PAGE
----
The posterior half of the foot is formed by seven tarsal bones (Figure 8.19). The most superior bone is the talus. This has a relatively square-shaped, upper surface that articulates with the tibia and fibula to form the ankle joint. Three areas of articulation form the ankle joint: The superomedial surface of the talus bone articulates with the medial malleolus of the tibia, the top of the talus articulates with the distal end of the tibia, and the lateral side of the talus articulates with the lateral malleolus of the fibula. Inferiorly, the talus articulates with the calcaneus (heel bone), the largest bone of the foot, which forms the heel. Body weight is transferred from the tibia to the talus to the calcaneus, which rests on the ground. The medial calcaneus has a prominent bony extension called the sustentaculum tali (“support for the talus”) that supports the medial side of the talus bone.
Figure 8.19 Bones of the Foot The bones of the foot are divided into three groups. The posterior foot is formed by the seven tarsal bones. The mid-foot has the five metatarsal bones. The toes contain the phalanges.
The cuboid bone articulates with the anterior end of the calcaneus bone. The cuboid has a deep groove running across its inferior surface, which provides passage for a muscle tendon. The talus bone articulates anteriorly with the navicular bone, which in turn articulates anteriorly with the three cuneiform (“wedge-shaped”) bones. These bones are the medial cuneiform, the intermediate cuneiform, and the lateral cuneiform. Each of these bones has a broad superior surface and a narrow inferior surface, which together produce the transverse (medial-lateral) curvature of the foot. The navicular and lateral cuneiform bones also articulate with the medial side of the cuboid bone.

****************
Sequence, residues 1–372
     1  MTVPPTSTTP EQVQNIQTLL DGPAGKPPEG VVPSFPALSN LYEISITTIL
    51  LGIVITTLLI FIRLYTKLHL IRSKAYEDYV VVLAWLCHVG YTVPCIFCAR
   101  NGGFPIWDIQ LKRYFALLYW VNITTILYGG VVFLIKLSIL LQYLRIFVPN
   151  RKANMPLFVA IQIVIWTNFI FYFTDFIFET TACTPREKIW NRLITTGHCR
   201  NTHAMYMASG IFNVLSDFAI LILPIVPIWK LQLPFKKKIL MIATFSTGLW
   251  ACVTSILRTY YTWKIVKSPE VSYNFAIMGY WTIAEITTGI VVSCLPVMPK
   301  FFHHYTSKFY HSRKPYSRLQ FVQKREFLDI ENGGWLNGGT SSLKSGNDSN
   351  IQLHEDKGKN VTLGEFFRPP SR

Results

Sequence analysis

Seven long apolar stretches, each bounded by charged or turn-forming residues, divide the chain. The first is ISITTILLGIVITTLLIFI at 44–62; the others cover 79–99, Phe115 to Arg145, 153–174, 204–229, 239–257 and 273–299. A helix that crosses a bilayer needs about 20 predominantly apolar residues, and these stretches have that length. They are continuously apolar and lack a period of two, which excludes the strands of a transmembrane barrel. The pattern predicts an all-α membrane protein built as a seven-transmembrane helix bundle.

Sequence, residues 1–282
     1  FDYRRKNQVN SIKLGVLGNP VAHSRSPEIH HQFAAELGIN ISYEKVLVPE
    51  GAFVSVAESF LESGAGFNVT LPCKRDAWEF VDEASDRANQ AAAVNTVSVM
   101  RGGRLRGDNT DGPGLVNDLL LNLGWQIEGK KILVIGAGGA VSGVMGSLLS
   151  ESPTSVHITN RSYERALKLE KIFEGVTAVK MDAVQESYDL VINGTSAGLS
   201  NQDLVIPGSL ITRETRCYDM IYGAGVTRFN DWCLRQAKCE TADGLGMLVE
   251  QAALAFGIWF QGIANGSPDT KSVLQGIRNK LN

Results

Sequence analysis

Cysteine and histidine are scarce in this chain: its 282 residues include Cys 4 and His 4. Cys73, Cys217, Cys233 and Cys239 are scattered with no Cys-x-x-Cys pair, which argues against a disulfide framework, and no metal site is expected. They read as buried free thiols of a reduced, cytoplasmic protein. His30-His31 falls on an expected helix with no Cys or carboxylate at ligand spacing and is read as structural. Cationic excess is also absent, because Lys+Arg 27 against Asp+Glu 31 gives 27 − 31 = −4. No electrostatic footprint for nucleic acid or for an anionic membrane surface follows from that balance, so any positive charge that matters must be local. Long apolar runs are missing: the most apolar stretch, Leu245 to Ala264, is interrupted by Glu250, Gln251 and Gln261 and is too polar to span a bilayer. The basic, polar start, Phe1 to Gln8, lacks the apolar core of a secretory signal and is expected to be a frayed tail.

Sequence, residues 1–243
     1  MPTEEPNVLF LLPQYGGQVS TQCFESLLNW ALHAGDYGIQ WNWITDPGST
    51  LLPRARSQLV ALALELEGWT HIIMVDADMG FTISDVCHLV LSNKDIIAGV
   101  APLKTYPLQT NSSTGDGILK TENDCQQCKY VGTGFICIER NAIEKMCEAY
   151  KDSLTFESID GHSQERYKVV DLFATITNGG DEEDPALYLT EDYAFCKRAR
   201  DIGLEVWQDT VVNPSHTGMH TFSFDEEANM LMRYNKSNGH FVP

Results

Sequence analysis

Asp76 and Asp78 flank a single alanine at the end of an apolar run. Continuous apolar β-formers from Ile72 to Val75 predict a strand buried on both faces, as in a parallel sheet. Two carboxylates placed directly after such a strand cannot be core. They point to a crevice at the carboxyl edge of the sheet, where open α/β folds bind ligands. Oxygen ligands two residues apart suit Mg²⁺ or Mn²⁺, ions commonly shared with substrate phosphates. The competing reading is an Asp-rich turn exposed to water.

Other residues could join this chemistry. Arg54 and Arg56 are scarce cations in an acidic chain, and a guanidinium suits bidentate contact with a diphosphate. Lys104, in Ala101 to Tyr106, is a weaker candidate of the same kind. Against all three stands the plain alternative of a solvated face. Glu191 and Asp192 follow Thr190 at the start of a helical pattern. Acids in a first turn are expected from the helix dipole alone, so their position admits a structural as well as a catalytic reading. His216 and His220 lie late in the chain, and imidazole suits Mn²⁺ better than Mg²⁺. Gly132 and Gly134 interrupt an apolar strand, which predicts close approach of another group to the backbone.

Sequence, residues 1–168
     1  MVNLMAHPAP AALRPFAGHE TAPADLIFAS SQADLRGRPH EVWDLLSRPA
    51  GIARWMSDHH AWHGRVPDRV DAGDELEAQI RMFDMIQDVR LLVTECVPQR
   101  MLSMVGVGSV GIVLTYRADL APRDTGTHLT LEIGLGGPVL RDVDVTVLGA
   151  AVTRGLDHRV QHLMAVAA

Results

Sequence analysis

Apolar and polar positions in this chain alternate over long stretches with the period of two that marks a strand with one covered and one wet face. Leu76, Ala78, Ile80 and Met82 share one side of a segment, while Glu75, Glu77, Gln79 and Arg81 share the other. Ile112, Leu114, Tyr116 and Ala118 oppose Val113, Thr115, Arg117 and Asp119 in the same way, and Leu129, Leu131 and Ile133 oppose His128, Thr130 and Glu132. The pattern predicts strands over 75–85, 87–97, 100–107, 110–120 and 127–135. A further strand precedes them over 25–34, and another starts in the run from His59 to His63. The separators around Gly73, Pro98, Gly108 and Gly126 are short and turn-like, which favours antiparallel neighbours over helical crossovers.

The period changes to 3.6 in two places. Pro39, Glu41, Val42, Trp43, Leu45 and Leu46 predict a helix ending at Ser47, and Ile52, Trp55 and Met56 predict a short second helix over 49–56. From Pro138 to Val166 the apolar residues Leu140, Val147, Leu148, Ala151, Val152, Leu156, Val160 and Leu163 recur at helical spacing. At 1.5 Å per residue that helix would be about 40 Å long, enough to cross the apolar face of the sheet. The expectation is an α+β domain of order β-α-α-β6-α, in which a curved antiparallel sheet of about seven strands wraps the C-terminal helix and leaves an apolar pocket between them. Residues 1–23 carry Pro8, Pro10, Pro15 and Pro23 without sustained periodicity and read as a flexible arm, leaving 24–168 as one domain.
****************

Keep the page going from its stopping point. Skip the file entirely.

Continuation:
The anterior half of the foot is formed by the five metatarsal bones, which are located between the tarsal bones of the posterior foot and the phalanges of the toes (see Figure 8.19). These elongated bones are numbered 1–5, starting with the medial side of the foot. The first metatarsal bone is shorter and thicker than the others. The second metatarsal is the longest. The base of the metatarsal bone is the proximal end of each metatarsal bone. These articulate with the cuboid or cuneiform bones. The base of the fifth metatarsal has a large, lateral expansion that provides for muscle attachments. This expanded base of the fifth metatarsal can be felt as a bony bump at the midpoint along the lateral border of the foot. The expanded distal end of each metatarsal is the head of the metatarsal bone. Each metatarsal bone articulates with the proximal phalanx of a toe to form a metatarsophalangeal joint. The heads of the metatarsal bones also rest on the ground and form the ball (anterior end) of the foot.
The toes contain a total of 14 phalanx bones (phalanges), arranged in a similar manner as the phalanges of the fingers (see Figure 8.19). The toes are numbered 1–5, starting with the big toe (hallux). The big toe has two phalanx bones, the proximal and distal phalanges. The remaining toes all have proximal, middle, and distal phalanges. A joint between adjacent phalanx bones is called an interphalangeal joint.
Arches of the Foot: